This article is based on an article from the Japanese edition of Engadget and was created using the translation tool Deepl.
Samsung's new Galaxy Watch 3 smartwatch, which will be released in Japan on October 23, brings back the physical rotating bezel that was omitted from the Galaxy Watch Active series. This is a device that will be of interest to those who were once familiar with the rotating bezel on the Gear Watch and Galaxy Watch.
I borrowed the Galaxy Watch 3 before it was released, so I had a chance to try it out for a few short days. For Galaxy Watch Active2 users, it's a device that you can't decide whether or not to replace.
The Galaxy Watch 3 comes in two diameters, 45mm and 41mm, and the one I tested is the 45mm stainless steel model.
It has a 1.4-inch (1.2-inch for the 41mm) OLED display, which supports an always-on display that allows you to see the time without twisting your arm, but like the Galaxy Watch Active2, there's no screen for always-on display, just a reduced brightness.
There are two physical buttons on the side. The bottom is the power and menu button and the top is the back button. There are no changes in this area from the previous model.
The back has a fingerprint sensor. The hardware also supports electrocardiogram (ECG) and blood oxygen level (SpO2) measurement, but it can only be used in countries that have received regulatory approval. Unfortunately, it's not available in Japan. It's one of the features of the Galaxy Watch 3, so we'd like to see it used even if it's treated as a reference value rather than medical information.
The thickness is 11.1 mm. Incidentally, the 41mm model is slightly thicker at 11.3 mm.
Addictive rotating bezel feel
Speaking of the Galaxy Watch, the rotating bezel - the Galaxy Watch Active2 had a touch-controlled virtual rotating bezel, but it's still nice to have physical rotation. There's no need to swipe the screen each time, which makes it easier to operate on a smartwatch with a smaller screen.
It also feels like a mouse scroll wheel with a tick, and there's no need to over-turn the screen back and forth because you're turning it too much.
No major changes in basic functions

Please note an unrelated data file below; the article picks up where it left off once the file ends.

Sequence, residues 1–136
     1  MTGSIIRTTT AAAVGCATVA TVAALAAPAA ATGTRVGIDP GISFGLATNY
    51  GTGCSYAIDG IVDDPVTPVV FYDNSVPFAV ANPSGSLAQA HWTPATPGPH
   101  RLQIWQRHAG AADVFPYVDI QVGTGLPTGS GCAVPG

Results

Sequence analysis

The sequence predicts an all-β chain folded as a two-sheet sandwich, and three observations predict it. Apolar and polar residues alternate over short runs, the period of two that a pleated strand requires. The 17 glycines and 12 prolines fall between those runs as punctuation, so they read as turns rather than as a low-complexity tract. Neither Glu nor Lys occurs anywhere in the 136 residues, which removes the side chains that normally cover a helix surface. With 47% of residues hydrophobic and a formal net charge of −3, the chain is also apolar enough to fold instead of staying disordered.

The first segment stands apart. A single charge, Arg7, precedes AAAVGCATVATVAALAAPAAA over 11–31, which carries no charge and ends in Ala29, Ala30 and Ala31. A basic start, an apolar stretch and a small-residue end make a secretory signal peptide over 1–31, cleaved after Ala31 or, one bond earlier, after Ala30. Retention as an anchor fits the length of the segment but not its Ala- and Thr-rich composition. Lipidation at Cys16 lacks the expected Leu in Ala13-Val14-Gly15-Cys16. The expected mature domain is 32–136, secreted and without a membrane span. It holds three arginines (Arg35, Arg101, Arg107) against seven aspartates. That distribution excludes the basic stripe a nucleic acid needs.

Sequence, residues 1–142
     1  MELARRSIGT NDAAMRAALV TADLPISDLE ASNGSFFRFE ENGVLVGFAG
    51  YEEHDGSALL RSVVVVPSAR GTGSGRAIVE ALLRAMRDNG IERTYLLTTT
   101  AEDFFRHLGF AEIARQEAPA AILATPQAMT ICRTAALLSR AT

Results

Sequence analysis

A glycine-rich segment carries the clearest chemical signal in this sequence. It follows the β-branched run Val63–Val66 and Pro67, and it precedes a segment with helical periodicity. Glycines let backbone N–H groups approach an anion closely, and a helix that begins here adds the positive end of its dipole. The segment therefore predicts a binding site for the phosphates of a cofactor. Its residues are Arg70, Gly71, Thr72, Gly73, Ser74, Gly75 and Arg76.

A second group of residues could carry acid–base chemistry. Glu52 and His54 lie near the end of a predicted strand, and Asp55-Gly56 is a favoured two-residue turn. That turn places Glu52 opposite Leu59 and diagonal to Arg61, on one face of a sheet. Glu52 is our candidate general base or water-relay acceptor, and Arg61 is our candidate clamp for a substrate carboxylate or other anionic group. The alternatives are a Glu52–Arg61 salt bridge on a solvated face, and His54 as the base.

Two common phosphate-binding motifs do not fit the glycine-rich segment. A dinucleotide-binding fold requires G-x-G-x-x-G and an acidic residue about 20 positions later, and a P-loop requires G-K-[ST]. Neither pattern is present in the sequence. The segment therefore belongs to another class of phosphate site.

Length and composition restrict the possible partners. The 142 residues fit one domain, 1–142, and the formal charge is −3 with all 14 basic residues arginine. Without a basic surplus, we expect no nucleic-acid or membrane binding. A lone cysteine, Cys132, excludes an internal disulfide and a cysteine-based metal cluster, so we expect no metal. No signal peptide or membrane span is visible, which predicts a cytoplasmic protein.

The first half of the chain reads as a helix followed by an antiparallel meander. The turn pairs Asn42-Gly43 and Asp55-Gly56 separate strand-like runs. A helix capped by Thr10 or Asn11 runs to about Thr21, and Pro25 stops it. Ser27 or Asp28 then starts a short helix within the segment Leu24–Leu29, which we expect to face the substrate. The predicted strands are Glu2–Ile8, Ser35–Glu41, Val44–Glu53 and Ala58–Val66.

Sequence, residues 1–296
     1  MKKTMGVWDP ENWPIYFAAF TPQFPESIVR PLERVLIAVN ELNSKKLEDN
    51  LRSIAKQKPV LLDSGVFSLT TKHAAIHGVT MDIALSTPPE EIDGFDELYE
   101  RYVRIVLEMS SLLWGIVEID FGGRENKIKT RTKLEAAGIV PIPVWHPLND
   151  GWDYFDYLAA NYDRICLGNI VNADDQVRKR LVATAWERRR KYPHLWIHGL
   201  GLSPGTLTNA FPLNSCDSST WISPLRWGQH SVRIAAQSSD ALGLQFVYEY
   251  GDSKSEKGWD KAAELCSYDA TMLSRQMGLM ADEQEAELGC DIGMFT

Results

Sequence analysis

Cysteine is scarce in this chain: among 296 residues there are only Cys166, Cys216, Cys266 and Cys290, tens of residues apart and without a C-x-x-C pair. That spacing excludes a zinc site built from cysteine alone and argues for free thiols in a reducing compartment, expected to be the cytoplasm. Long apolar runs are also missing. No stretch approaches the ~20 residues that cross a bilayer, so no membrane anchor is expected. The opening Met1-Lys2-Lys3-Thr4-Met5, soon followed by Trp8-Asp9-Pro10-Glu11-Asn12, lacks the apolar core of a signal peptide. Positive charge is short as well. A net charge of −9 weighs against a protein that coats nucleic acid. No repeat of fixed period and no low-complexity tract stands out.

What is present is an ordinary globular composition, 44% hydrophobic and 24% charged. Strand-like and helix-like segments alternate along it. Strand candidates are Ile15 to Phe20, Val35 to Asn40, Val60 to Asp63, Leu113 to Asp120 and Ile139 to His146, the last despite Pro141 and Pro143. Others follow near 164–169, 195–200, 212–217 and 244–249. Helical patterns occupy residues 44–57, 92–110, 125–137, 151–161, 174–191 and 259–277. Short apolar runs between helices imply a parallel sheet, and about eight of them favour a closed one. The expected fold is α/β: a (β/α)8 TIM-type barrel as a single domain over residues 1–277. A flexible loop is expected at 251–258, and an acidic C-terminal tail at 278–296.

The Galaxy Watch3 can also add apps via the Galaxy Store to add more features, but the basic functions include measuring various activities, as well as heart rate monitoring, sleep measurement, and stress measurement. Of course, you can also view various notifications from your smartphone, including emails and incoming calls.
In addition to GPS, you can also download music to the device and pair it with Bluetooth earphones to listen to music. There's no need to carry your smartphone with you when you run or walk.
However, these are all features that were available from previous models. There are also new features such as hand washing reminders and fall detection, which are also available on the Galaxy Watch Active2 and other models through updates.
Since ECG and SpO2 measurements cannot be used in Japan, it seems safe to assume that there is practically no functional difference between this model and its predecessor.
Hardware-wise, the SoC remains the same with the Exynos 9110 (Dual-Core 1.15 GHz), but the memory and storage have been increased from 0.75GB+4GB on the Galaxy Watch Active2 to 1GB+8GB. This is good for those who want to put a lot of song data in storage and utilize it on its own.
Battery life is about 2 days under normal use
The 45mm model has a battery capacity of 340mAh, which is also the same as the Active2 44mm model. The Galaxy Watch series has the longest battery life of any smartwatch, but after turning on the heart rate monitor and constant screen display without GPS and using the sleep measurement, I put it on Sunday morning and it ran out of battery on Tuesday morning. I was able to use it for just two full days without charging it.
If you don't measure sleep, the battery will last even longer, but it's probably safe to charge it daily. It's water-resistant to 5 atm and can be used in the shower, but if you operate it to charge during bath time, you won't have to worry about running out of battery power.
It's hard to say if it's worth replacing the Galaxy Watch Active2
It's unclear if ECG and SpO2 will be available in Japan in the future, but if you're not thinking about that, the Galaxy Watch 3's features are on par with the Galaxy Watch Active2. It looks like a good choice simply based on the design, and whether or not you value the rotating bezel above all else.
It's honestly hard to say if it's worth replacing the Galaxy Watch Active2, but it will still depend on the design and rotating bezel.
However, I'm still concerned about ECG. The possibility that ECGs will be available in Japan in the future is not zero, so this is even more difficult.
This article is based on an article from the Japanese edition of Engadget and was created using the translation tool Deepl. The Japanese edition of Engadget does not guarantee the accuracy or reliability of this article.